State System exit plan outlined by Pa. senators


Share with others:


Print Email Read Later

HARRISBURG -- Pennsylvania senators on Tuesday explained how they propose to allow high-performing universities to exit state ownership, while both the State System of Higher Education and the faculty union expressed concern.

Universities meeting size and financial qualifications could opt to buy their land and buildings over 30 years, state Sen. Robert Tomlinson, R-Bucks and a trustee of West Chester University, and Sen. Andy Dinniman, D-Chester and a former professor at the university, said at a Capitol news conference. Of the 14 universities in the State System, only West Chester and Bloomsburg have not lost enrollment since 2010.

Mr. Tomlinson and Mr. Dinniman -- who were joined by Sens. Richard Alloway, R-Adams, Lloyd Smucker, R-Lancaster, and Pat Vance, R-Cumberland -- said their proposal would allow greater flexibility for qualified universities while directing money back into the system to help those schools that remain.

"Over the years what's happened is power has collected in Harrisburg and power has been taken away from your local schools to run their institutions," Mr. Tomlinson said. "I would like to try to put some of that back, and I'd also like to put some money back and get some autonomy in my local school."

The legislation would create a path from state ownership for universities with more than 7,000 students that have three years of an "unqualified audit opinion" and the means to buy their property from the state. The university would be required to continue paying the employer share of pension obligations.

Nine State System universities have enrollments of more than 7,000, including Slippery Rock University, California University of Pennsylvania and Indiana University of Pennsylvania.

Under the proposal, a university that left state ownership would continue to receive at least the state funding it got in the year before trustees approved the transfer. Collective bargaining agreements would remain in force for the term of the contracts.

The university would have up to 30 years to pay the state for the depreciated value of state-owned land and buildings. Seventy percent of the repaid funds would be distributed to the state system, while the university would receive 30 percent back to provide financial aid for Pennsylvania residents.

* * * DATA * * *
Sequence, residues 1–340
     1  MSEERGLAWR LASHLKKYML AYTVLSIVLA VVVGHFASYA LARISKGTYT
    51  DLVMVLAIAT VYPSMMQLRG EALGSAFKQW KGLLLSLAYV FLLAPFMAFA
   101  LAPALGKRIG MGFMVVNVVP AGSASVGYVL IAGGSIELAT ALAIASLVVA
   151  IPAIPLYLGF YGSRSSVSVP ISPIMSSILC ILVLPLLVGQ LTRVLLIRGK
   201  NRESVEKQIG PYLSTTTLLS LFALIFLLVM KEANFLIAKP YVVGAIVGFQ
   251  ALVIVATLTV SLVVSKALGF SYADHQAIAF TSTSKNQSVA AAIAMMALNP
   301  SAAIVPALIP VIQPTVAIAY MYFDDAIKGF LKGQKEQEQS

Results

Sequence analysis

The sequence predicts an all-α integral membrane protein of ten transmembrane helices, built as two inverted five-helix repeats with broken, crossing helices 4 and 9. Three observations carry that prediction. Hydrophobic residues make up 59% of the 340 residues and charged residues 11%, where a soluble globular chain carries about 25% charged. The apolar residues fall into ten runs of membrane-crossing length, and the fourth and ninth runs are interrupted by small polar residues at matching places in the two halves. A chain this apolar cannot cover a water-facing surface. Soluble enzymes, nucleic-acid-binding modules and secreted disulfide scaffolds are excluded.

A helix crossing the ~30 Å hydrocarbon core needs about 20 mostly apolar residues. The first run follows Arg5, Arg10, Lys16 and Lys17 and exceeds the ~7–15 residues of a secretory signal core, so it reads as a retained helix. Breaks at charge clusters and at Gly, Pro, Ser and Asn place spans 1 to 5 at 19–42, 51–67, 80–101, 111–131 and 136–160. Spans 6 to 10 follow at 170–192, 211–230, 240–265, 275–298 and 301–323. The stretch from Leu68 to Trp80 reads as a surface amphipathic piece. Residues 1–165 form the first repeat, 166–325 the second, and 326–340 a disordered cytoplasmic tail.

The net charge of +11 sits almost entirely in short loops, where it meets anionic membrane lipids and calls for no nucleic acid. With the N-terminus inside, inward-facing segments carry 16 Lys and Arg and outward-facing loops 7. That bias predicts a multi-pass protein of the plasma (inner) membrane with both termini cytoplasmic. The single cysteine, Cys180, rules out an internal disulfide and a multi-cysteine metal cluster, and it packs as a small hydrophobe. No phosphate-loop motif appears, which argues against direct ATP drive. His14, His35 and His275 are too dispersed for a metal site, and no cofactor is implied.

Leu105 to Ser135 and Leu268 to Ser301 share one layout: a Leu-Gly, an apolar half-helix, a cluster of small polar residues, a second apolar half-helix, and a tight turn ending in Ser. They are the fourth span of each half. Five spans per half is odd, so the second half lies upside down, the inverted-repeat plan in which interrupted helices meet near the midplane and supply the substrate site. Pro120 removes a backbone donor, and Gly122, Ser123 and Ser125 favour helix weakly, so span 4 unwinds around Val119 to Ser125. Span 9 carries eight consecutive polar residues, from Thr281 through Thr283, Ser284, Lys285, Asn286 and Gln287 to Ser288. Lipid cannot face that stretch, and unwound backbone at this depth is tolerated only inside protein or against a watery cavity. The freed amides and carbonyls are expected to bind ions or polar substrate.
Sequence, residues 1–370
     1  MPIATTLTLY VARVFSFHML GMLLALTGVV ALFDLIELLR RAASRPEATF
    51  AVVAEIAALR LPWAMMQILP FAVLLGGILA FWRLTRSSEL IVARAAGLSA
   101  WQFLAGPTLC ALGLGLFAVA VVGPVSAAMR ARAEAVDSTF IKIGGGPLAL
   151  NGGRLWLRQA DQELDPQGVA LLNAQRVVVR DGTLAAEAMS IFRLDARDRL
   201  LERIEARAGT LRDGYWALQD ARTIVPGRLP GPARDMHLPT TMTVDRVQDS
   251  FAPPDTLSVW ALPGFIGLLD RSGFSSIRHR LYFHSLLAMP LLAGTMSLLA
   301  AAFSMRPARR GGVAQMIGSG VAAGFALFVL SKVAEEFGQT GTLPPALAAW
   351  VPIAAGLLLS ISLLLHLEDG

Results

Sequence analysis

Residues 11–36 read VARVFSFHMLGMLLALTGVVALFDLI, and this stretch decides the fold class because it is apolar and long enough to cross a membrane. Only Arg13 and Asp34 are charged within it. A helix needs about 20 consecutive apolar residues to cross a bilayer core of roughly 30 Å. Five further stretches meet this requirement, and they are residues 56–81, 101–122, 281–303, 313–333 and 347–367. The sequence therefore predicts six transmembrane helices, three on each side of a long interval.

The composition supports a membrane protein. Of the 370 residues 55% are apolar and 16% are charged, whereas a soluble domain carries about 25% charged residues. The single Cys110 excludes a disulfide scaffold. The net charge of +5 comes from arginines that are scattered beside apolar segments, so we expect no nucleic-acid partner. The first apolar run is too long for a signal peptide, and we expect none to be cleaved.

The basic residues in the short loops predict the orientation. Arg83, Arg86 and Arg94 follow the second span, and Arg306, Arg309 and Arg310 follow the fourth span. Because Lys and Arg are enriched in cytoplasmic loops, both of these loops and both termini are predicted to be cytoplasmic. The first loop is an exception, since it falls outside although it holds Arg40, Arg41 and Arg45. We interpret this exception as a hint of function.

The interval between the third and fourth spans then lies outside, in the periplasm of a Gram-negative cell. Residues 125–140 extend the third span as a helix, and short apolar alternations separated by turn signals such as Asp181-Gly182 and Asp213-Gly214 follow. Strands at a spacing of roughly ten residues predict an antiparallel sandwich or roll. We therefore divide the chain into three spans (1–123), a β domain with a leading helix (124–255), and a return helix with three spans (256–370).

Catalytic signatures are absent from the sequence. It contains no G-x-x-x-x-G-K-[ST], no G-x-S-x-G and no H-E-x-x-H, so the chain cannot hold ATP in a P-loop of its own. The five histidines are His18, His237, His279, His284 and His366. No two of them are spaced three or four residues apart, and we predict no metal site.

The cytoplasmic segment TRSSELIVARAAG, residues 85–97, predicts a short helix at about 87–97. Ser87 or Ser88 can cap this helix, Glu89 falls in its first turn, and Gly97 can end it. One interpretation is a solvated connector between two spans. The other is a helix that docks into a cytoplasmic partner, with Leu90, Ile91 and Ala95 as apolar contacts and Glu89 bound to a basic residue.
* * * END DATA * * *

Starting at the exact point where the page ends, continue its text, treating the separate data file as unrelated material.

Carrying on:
The heads of the State System of Higher Education and the Association of Pennsylvania State College and University Faculties both said the proposal could increase tuition costs. Pennsylvania residents pay $6,622 in tuition for one year at State System schools, while the base yearly tuition at the University of Pittsburgh, a state-related university, is $16,240.

"A primary concern is that for any university that leaves the State System, tuition and fees will likely go up, as was confirmed in the press conference today," State System chancellor Frank T. Brogan said in a statement. "This would create an added burden for students and their families. Every university that leaves the State System could close another door to affordable, quality public higher education.

"Becoming a state-related will come with skyrocketing tuition," APSCUF president Steve Hicks said in a statement, noting that the state-owned universities have lost funding. "This proposal further cuts into the system to subsidize universities leaving and raising tuition. [State System] universities should continue to give first-generation and working-class students a shot at a college degree."

Mr. Tomlinson said he believes the proposal would instead keep tuition low.


Karen Langley: klangley@post-gazette.com or 717-787-2141 or on Twitter @karen_langley.

Join the conversation:

Commenting policy | How to report abuse
To report inappropriate comments, abuse and/or repeat offenders, please send an email to socialmedia@post-gazette.com and include a link to the article and a copy of the comment. Your report will be reviewed in a timely manner. Thank you.
Commenting policy | How to report abuse

You have 2 remaining free articles this month

Try unlimited digital access

If you are an existing subscriber,
link your account for free access. Start here

You’ve reached the limit of free articles this month.

To continue unlimited reading

If you are an existing subscriber,
link your account for free access. Start here